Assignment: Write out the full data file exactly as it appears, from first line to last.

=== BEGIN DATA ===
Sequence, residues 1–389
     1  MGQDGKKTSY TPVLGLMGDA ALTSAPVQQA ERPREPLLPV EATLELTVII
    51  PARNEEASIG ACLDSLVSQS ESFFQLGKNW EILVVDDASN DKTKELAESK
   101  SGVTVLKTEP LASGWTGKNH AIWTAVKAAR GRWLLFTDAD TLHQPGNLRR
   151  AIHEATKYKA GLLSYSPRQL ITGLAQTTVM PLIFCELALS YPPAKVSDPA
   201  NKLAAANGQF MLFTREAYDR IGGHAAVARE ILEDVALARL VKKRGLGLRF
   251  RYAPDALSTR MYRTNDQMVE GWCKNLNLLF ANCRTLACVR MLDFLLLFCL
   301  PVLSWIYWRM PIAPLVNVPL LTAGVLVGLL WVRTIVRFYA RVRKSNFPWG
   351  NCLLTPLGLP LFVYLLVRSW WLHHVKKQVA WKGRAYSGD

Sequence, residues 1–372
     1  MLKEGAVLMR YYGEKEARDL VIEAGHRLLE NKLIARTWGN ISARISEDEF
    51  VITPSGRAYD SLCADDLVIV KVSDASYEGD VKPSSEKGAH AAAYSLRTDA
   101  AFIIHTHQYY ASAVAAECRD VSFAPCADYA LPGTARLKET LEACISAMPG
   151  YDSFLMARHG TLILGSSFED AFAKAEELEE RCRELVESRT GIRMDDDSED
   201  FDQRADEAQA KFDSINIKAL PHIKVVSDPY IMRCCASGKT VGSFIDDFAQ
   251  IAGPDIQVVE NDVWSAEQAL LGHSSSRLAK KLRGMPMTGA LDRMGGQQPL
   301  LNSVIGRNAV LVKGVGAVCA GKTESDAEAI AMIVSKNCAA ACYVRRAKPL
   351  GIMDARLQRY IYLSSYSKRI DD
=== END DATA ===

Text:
Sequence, residues 1–389
     1  MGQDGKKTSY TPVLGLMGDA ALTSAPVQQA ERPREPLLPV EATLELTVII
    51  PARNEEASIG ACLDSLVSQS ESFFQLGKNW EILVVDDASN DKTKELAESK
   101  SGVTVLKTEP LASGWTGKNH AIWTAVKAAR GRWLLFTDAD TLHQPGNLRR
   151  AIHEATKYKA GLLSYSPRQL ITGLAQTTVM PLIFCELALS YPPAKVSDPA
   201  NKLAAANGQF MLFTREAYDR IGGHAAVARE ILEDVALARL VKKRGLGLRF
   251  RYAPDALSTR MYRTNDQMVE GWCKNLNLLF ANCRTLACVR MLDFLLLFCL
   301  PVLSWIYWRM PIAPLVNVPL LTAGVLVGLL WVRTIVRFYA RVRKSNFPWG
   351  NCLLTPLGLP LFVYLLVRSW WLHHVKKQVA WKGRAYSGD

Sequence, residues 1–372
     1  MLKEGAVLMR YYGEKEARDL VIEAGHRLLE NKLIARTWGN ISARISEDEF
    51  VITPSGRAYD SLCADDLVIV KVSDASYEGD VKPSSEKGAH AAAYSLRTDA
   101  AFIIHTHQYY ASAVAAECRD VSFAPCADYA LPGTARLKET LEACISAMPG
   151  YDSFLMARHG TLILGSSFED AFAKAEELEE RCRELVESRT GIRMDDDSED
   201  FDQRADEAQA KFDSINIKAL PHIKVVSDPY IMRCCASGKT VGSFIDDFAQ
   251  IAGPDIQVVE NDVWSAEQAL LGHSSSRLAK KLRGMPMTGA LDRMGGQQPL
   301  LNSVIGRNAV LVKGVGAVCA GKTESDAEAI AMIVSKNCAA ACYVRRAKPL
   351  GIMDARLQRY IYLSSYSKRI DD